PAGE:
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BA Directors plead to be prosecuted

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BA Directors plead to be prosecuted

Old 20th May 2007, 07:55
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BA Directors plead to be prosecuted

I see in the paper this morning that Commercial Director, Martin George and Ian Burns, Communications Cheif, hereinafter to be known as George Burns, that well know and long lived comedian, are pleading with the OFT to prosecute them to the full extent of the law here in the uk.
This arises from the fuel surcharge price fixing deal, which, if not followed through by the OFT will leave the US Dept of Justice the opportunity to prosecute them in the US with a possible life sentence.
Hoist with your own petard springs to mind. You will reap what you sow, how the mighty are fallen, all good things come to those who wait.....any more spring to mind?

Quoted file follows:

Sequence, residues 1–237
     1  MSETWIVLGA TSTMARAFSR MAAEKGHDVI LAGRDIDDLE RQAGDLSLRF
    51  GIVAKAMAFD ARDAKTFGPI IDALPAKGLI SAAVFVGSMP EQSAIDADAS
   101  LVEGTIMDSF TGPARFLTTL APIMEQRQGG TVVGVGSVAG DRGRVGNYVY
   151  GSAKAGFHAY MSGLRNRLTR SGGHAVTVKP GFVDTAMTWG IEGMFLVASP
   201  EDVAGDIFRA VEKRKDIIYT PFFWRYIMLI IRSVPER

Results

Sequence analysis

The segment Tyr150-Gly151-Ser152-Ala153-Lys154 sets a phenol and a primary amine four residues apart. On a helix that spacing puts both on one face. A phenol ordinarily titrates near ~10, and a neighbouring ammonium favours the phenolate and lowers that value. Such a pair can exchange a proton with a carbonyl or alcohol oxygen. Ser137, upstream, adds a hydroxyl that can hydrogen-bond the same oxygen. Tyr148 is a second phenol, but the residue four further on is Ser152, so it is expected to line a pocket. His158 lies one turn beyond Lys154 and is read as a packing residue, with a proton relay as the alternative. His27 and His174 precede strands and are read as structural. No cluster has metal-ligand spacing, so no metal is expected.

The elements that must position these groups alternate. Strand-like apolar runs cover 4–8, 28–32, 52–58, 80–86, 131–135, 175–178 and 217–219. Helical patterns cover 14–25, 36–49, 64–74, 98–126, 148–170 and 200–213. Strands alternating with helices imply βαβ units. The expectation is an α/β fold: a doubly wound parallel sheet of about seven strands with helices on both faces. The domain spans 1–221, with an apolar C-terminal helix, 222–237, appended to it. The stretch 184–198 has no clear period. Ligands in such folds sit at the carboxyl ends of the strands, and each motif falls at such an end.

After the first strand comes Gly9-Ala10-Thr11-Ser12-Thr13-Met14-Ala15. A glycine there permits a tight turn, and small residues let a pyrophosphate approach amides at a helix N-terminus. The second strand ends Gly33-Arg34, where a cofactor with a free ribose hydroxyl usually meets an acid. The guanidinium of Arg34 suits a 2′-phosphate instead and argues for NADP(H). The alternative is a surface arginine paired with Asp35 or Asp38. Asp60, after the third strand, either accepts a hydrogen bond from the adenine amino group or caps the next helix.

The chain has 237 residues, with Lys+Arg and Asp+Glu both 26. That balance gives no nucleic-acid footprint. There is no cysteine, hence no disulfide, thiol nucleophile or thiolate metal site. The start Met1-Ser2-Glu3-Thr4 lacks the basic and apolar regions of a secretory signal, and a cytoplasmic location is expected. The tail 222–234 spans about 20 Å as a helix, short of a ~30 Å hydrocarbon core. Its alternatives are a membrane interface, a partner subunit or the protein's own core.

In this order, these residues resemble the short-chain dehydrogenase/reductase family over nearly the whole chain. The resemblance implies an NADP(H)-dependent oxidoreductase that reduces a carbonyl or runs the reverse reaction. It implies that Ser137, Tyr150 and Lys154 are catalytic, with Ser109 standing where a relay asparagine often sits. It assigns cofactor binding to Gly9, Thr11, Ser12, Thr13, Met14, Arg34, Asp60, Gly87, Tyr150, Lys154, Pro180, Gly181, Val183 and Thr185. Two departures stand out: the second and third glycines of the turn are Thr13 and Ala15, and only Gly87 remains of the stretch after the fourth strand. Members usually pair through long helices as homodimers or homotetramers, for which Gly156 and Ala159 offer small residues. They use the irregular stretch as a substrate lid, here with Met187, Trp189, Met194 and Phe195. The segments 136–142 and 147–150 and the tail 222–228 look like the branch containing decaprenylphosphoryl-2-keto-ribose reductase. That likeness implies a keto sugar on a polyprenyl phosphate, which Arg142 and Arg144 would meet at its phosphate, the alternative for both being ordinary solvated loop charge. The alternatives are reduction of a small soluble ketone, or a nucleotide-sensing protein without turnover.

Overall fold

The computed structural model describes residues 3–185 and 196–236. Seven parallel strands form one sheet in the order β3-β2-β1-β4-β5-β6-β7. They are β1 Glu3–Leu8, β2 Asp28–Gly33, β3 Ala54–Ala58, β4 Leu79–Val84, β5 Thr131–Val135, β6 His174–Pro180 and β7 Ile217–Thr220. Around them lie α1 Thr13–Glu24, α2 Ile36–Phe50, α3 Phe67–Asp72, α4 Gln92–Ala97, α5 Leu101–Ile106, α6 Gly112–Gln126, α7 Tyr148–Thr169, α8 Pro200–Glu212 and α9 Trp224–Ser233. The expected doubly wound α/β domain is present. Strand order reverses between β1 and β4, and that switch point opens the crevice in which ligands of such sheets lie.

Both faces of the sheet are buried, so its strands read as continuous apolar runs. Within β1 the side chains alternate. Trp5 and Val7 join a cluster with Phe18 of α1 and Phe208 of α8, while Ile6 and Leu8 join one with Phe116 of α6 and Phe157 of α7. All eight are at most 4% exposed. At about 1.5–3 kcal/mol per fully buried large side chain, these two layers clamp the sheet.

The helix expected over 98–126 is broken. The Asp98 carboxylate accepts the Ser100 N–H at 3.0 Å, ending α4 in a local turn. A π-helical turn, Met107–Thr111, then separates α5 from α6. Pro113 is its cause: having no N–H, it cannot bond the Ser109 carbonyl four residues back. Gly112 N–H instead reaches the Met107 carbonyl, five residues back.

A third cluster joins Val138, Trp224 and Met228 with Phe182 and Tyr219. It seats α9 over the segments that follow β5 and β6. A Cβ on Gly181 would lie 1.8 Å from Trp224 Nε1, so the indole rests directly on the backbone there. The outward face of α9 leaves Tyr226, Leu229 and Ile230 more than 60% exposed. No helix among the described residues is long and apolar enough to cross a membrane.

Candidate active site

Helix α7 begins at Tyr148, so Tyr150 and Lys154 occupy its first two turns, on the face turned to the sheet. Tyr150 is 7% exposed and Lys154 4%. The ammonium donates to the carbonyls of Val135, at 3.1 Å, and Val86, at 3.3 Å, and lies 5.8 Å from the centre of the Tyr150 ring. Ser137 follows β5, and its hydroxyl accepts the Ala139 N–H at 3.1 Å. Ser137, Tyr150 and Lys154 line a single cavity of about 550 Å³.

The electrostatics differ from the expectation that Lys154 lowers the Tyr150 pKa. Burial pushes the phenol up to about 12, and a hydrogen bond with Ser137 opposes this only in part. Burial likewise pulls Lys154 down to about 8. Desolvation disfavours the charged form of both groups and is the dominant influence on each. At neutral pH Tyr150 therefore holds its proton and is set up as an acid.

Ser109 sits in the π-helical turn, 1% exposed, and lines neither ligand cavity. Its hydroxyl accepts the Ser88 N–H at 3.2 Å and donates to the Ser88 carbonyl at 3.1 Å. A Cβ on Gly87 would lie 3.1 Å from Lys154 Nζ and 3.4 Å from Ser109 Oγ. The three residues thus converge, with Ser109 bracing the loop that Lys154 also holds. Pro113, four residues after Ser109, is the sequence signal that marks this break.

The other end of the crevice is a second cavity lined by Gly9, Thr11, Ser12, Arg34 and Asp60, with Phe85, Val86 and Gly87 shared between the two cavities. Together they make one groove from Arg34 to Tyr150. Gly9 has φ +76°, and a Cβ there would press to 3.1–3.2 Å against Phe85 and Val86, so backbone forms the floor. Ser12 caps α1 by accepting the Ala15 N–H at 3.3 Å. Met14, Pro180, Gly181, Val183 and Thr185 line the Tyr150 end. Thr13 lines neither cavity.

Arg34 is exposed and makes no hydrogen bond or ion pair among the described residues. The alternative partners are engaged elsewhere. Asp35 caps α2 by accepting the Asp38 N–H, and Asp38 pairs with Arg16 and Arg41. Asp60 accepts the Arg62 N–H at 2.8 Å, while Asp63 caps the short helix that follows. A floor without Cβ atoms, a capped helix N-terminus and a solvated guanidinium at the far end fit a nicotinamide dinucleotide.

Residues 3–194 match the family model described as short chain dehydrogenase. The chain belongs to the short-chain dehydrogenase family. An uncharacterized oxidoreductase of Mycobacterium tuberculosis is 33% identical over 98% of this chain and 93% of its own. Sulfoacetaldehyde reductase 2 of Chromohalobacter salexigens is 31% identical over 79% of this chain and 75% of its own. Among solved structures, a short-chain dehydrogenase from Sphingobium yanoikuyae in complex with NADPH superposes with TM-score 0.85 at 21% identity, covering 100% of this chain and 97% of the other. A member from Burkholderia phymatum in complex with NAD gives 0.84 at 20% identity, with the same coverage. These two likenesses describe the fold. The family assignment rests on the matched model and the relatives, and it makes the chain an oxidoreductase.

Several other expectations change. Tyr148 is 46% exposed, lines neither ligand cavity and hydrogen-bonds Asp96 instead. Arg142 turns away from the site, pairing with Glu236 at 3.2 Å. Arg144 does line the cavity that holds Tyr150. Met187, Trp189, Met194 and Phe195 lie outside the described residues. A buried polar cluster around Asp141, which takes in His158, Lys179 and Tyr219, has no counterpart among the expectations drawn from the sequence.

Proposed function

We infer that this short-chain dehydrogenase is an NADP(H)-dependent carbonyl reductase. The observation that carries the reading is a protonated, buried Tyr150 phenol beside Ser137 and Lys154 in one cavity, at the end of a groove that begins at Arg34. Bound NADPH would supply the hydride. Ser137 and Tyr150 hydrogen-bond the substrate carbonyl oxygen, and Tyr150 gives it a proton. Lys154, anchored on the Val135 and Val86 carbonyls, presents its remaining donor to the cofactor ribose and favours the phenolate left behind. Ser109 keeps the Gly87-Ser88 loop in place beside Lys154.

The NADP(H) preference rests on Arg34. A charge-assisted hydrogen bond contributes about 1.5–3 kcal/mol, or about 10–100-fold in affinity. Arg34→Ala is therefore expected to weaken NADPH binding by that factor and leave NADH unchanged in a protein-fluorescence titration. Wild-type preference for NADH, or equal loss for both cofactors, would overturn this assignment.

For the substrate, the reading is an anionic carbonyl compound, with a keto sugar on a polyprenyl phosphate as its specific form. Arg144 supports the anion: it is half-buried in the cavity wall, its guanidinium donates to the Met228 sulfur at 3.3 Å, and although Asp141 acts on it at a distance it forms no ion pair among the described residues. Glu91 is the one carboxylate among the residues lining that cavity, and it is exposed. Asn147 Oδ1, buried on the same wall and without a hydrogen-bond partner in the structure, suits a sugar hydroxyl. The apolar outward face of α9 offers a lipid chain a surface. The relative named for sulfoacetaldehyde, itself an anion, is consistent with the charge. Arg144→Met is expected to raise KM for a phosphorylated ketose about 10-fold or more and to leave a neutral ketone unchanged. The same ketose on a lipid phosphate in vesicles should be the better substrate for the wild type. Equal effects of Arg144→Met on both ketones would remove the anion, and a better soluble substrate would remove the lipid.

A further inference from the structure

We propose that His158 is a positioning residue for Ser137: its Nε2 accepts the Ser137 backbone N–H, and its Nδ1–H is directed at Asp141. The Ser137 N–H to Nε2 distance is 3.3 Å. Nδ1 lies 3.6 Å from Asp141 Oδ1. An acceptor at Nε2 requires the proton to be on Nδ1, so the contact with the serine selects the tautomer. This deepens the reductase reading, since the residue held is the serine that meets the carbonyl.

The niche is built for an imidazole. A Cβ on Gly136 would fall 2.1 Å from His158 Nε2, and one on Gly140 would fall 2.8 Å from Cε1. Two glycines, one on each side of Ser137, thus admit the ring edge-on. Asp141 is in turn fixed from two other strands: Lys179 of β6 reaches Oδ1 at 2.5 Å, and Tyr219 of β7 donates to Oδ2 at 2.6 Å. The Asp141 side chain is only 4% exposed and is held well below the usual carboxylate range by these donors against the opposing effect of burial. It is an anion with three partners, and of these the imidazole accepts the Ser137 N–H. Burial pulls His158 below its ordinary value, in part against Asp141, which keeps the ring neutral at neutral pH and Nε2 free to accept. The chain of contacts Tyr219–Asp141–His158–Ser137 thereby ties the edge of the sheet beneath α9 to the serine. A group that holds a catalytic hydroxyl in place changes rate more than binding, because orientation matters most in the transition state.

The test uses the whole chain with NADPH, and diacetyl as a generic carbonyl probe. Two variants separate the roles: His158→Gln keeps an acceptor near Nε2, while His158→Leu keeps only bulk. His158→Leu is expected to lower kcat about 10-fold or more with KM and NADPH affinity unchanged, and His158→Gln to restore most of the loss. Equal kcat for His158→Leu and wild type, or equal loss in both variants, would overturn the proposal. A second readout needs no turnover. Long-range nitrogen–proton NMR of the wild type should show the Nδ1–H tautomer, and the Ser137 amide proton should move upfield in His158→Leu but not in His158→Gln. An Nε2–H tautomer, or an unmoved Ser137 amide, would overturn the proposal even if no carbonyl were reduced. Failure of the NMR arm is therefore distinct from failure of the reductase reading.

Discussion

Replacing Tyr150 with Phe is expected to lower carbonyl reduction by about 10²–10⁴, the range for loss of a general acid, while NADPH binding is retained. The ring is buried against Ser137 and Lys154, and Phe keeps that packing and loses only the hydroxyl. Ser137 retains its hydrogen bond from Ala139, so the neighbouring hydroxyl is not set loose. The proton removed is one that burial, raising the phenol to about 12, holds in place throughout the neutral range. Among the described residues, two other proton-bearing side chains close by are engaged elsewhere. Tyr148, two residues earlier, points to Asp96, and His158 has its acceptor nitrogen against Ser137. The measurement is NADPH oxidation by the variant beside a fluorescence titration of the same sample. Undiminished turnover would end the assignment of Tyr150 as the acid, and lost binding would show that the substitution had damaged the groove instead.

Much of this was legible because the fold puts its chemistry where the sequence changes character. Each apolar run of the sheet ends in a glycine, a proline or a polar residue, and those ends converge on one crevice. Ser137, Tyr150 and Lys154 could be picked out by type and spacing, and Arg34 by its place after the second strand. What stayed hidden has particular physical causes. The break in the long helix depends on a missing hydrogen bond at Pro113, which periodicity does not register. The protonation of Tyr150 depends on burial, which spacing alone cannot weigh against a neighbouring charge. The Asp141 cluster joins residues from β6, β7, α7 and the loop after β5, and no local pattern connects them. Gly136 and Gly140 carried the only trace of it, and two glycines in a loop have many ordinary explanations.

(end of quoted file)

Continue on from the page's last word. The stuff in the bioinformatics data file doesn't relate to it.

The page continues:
What a great comedy the whole episode has turned into, not for George Burns of course, but BA as a whole. The money they made from their fuel surcharge will dissappear in fines, legal fees and compensation, lovely stuff.
Do BA management think they are above the law? This is after all, not the first time they have been caught cheating.
Just why do they do it I wonder?
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Old 20th May 2007, 08:00
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Just call it the Icarus Syndrome.
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Old 20th May 2007, 08:53
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Here at BA it is pantomine season all year, even after you leave.
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Old 20th May 2007, 09:55